Proud to be a Western Canadian, born in Regina, Carol Snyder has lived in Edmonton since 1983. As a textile artist she became interested in nature dyeing to complement the spinning and weaving she was enjoying. A Canada Council Grant in 1981 funded the research for her first book, Nature’s Colours. A Guide to Western Canadian Dye Plants. On moving to Edmonton, Carol owned and operated a yarn shop until retirement in 1995.
Her life changed in 2003 when she was accepted to participate in the 100th anniversary Barr Colony wagon trek from Saskatoon to Lloydminster. Her interest in the Barr Colonists resulted in meeting with some of the many descendants, and writing a book, On Saskatchewan Time, The 100th Anniversary Barr Colony Wagon Trek. Thinking that perhaps her own family history had included a wagon trek, Carol began research into her great grandparents who homesteaded in Manitoba. This also resulted in a book, The Hawthornes of Deloraine.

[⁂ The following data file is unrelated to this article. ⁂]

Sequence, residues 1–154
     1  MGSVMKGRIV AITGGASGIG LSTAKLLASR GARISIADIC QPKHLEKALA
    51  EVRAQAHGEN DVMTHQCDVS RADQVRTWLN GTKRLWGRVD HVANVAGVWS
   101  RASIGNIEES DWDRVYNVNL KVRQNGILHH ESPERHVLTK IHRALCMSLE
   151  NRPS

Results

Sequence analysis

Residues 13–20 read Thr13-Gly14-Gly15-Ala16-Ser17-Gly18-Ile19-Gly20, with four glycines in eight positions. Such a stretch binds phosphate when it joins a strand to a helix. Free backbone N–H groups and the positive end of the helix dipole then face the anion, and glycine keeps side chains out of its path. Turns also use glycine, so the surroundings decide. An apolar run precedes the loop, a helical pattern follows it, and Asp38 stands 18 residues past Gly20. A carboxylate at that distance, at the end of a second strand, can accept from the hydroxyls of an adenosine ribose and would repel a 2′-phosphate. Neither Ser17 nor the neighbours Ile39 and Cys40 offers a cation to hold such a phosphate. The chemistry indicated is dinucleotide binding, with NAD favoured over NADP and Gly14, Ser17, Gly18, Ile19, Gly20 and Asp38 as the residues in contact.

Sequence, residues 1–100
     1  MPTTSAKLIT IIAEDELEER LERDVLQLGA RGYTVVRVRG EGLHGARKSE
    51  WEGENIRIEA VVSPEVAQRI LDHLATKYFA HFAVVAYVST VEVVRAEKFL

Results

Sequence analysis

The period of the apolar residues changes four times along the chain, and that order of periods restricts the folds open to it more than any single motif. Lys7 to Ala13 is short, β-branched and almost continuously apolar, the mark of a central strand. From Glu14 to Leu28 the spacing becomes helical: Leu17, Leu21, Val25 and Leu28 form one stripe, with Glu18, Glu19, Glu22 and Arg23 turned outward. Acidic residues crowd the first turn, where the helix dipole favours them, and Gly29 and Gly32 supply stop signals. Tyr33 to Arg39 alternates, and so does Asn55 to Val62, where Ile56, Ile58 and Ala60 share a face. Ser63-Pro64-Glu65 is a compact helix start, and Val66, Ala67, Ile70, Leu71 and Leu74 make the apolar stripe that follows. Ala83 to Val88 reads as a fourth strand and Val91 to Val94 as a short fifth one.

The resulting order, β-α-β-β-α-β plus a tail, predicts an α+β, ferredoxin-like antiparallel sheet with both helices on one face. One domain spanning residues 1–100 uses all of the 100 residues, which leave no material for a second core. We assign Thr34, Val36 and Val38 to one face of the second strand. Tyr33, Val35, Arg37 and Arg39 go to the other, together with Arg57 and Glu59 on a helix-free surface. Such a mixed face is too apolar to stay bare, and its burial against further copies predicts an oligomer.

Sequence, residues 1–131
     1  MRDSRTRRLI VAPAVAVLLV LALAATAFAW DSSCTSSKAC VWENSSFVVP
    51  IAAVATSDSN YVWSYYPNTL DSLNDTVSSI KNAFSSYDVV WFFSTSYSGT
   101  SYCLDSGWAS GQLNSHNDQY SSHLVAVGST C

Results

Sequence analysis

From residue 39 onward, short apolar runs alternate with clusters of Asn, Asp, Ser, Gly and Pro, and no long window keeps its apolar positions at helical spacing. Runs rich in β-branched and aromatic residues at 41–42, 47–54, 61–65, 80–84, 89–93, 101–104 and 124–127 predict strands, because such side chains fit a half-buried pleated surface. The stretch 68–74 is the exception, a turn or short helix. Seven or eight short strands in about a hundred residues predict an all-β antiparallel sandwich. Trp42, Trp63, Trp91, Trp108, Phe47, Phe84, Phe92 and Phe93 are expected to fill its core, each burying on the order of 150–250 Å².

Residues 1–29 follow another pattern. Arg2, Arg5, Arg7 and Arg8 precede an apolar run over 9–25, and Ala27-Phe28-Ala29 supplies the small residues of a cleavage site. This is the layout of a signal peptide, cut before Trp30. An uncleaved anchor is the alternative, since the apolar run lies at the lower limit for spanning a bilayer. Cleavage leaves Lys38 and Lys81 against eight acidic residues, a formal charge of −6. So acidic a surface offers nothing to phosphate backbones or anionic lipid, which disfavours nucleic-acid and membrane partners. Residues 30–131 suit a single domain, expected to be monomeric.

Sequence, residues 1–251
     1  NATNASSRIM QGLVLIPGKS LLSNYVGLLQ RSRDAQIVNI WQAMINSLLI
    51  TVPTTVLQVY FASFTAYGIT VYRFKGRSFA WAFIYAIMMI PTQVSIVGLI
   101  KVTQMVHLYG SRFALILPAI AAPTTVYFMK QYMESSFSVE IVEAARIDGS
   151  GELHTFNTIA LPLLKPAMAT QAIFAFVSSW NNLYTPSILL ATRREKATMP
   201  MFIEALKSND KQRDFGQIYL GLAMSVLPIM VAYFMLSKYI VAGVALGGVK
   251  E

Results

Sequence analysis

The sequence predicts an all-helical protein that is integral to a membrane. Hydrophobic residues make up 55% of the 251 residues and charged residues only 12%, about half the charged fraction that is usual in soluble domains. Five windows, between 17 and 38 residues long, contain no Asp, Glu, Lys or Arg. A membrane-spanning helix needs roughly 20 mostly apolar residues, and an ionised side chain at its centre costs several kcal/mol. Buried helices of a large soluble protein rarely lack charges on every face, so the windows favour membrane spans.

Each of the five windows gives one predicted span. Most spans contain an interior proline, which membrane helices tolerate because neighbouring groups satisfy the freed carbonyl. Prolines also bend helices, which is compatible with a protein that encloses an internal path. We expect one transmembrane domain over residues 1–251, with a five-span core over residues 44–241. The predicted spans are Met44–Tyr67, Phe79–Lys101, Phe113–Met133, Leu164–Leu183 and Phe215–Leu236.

Having enjoyed interviewing people and writing their stories, Carol volunteered as Oral Historian with the Highlands Historical Foundation for 10 years, 2004 to 2014. Many people were interviewed and their stories published in the Highlands newsletters. Carol was honoured to receive a Historical Recognition Award in 2014 from the Edmonton Historical Board for her work with the Highlands Historical Society.
After “retirement” from the historical society, further items of interest kept arriving on Carol’s desk. An intense interest in the Gullion families who settled on the land that became The Highlands resulted in research into the fur trade and the claiming of river lots along the North Saskatchewan River in the area which became the City of Edmonton. This resulted in her most recent book, After the Fur Trade: Living on the Land.